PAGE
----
Although CITES appendix II listed, thankfully it is not affected by international trade as the species is now maintained sustainably in captivity, and has been successfully grown by seed.

If your interested in reading more about plants take a look at Herbology Manchester

Treats of Turrialba

Picture Perfect!

Lucy Bridges

Splendid Leaf Frog, Cruziohyla calcarifer at Manchester Museum (C) Lucy Bridges

Last weekend we had our third  photographic workshop with Chris Mattison, which appeared to go down very well. All 12 participants got the opportunity to photograph a wide selection of our frogs and went home with some really superb pictures – and new tips on how to perfect their their camera skills! It was a super day and I would sincerely like to thank Chris Mattison and his wife Gretchen for making it all possible. I would also like to thank Adam and Tom for their support on the reptile side and all the participants for their consideration for each other and in respect of the animal’s wellbeing, which always comes first.

Below are a few images taken by some of our participants:

 

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A New Year Nest

Phyllomedusa tomopterna, or the Tiger-legged Monkey Frog, is a small species of Phyllomedusa which occurs over a large area of northern South America; from Ecuador to Brazil and as far South as Bolivia.  This is a lowland species that lives in warm and humid tropical rainforests. Populations that occur in unprotected areas are directly threatened by deforestation.

P.tomopterna male on branch

Male P. tompterna (c) Adam Bland

At a glance, some herpetologists may think that this frog belongs more to the leaf frog genus Agalychnis, as unlike many other species of monkey frog, which tend to perch on branches when resting,  this species lies flat against a surface of leaves hiding its bright flank colouration in a similar fashion to leaf frogs.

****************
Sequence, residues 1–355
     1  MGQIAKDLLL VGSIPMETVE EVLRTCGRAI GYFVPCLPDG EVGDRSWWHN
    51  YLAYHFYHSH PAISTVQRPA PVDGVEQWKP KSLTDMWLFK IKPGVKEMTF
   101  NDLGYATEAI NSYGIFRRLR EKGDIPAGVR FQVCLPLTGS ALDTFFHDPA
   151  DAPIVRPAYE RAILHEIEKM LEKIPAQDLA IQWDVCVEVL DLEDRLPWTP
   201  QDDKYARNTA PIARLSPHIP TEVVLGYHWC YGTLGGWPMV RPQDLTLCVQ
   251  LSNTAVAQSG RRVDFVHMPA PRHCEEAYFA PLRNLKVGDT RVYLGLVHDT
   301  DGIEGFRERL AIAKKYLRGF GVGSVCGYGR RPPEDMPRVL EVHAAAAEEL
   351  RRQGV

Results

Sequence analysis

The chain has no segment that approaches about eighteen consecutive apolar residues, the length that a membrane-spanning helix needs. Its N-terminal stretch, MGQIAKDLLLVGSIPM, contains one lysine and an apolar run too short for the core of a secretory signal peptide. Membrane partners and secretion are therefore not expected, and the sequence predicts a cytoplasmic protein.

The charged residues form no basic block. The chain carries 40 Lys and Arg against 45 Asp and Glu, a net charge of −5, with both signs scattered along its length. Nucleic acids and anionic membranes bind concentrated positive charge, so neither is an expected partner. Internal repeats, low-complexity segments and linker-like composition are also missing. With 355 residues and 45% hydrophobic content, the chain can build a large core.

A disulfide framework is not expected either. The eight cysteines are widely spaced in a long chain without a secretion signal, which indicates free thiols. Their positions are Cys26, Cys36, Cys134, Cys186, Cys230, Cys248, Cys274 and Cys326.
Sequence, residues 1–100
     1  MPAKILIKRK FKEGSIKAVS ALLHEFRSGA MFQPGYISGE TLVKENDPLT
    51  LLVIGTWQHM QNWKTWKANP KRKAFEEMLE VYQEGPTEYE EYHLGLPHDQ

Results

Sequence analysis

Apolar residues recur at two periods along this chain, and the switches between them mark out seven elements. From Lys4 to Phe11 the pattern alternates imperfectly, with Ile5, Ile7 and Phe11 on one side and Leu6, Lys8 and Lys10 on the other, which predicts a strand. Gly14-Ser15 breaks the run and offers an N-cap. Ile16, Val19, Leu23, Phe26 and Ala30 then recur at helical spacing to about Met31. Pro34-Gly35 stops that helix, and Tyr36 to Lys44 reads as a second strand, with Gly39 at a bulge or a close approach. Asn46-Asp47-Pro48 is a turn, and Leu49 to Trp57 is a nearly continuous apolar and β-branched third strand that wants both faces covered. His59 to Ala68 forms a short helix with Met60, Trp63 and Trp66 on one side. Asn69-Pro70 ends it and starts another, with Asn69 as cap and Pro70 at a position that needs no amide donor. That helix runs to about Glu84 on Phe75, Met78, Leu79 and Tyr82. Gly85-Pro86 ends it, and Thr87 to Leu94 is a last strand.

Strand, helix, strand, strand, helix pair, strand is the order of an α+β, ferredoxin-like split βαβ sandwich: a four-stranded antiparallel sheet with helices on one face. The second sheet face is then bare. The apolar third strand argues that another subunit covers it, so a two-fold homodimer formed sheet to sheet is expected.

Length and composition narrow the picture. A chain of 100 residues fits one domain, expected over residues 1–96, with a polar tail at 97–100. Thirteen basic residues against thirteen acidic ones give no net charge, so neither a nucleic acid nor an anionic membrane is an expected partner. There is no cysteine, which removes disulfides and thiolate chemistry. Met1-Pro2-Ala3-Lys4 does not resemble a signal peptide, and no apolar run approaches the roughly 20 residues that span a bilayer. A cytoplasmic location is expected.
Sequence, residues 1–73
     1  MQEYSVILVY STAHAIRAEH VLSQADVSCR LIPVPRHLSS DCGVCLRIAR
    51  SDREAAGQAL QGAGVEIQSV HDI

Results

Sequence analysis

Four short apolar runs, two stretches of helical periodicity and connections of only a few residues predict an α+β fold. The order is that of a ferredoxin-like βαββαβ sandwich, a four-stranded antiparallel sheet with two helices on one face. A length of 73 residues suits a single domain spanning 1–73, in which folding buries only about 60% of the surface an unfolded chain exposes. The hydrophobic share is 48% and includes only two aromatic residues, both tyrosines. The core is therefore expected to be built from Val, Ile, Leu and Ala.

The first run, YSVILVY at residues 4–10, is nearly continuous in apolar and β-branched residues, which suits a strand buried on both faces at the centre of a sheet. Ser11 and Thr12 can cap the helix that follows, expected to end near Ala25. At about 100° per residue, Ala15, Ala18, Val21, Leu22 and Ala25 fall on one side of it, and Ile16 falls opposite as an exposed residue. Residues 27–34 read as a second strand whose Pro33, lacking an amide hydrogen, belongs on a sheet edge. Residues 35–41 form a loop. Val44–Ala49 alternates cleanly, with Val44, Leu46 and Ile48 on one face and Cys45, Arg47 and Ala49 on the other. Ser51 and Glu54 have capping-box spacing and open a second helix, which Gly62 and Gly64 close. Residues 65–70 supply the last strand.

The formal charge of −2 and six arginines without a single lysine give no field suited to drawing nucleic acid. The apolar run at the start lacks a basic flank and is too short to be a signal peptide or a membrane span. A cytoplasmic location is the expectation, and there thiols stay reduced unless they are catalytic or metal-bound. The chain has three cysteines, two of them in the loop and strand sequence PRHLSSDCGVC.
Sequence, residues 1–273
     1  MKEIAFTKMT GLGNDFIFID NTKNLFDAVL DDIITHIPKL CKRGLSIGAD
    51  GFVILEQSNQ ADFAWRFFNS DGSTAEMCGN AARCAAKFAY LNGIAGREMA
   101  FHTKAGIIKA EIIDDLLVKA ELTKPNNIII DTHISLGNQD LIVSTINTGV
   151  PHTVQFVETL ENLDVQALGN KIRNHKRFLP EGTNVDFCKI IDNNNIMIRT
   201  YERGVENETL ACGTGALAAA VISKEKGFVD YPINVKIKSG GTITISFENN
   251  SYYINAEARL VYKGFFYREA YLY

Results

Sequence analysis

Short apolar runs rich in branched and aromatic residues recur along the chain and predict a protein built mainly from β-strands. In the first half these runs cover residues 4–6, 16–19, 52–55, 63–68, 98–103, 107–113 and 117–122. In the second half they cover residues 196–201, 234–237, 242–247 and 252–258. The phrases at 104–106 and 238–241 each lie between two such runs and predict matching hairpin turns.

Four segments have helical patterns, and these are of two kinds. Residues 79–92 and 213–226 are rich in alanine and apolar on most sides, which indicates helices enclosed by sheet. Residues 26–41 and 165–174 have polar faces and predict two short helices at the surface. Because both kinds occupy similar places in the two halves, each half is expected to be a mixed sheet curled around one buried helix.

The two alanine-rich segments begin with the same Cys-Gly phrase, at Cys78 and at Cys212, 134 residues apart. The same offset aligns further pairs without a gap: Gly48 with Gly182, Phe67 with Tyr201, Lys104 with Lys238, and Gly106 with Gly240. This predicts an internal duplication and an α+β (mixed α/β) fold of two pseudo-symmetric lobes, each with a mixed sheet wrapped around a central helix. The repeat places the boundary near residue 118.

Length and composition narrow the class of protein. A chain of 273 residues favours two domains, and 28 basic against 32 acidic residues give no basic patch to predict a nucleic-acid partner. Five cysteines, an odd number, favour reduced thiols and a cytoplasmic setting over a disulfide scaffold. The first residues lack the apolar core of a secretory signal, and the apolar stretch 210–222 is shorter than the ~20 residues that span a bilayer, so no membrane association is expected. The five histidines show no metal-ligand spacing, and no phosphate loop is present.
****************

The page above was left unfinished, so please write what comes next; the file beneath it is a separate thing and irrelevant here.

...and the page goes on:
However, although in the same sub-family as Leaf frogs, upon closer inspection it becomes clear that this is typically a Monkey frog: the hands and feet lack any webbing, they rarely jump unless startled, and  as with all monkey frogs they use these grasping hands to methodically walk and climb branches. Most importantly, when it comes to reproduction, unlike leaf frogs which simply lay their eggs on a leaf, these wrap the leaf around the eggs laid and produce a type of ‘nest.’

P.tomopterna nest

P.tomopterna egg nest (c) Adam Bland

Producing a leaf nest has many benefits; the eggs within are protected from predators such as fish as the eggs are out of water, and also as the nest is folded and sealed shut they are protected from the many insects which may cause a threat to them.  They are also protected from drying out in the sun, as the folded leaf keeps them from being exposed to direct sunlight.  The adult frogs are smart enough to produce water-filled capsules that they lay between fertile eggs, which rupture and hydrate the developing tadpoles should they become too dry.  When they are ready to hatch the tadpoles drop from the nest into water below, as the adults never spawn unless the leaves are directly above a pool of water.

Over the New Year, we have been lucky to have our own group of tiger-legged monkey frogs reproduce in one of our rain chambers, producing a small nest of eggs.

These eggs have now developed into tadpoles and will hatch in the next day or so. They can be seen on public display in our back of house viewing area within the new Vivarium.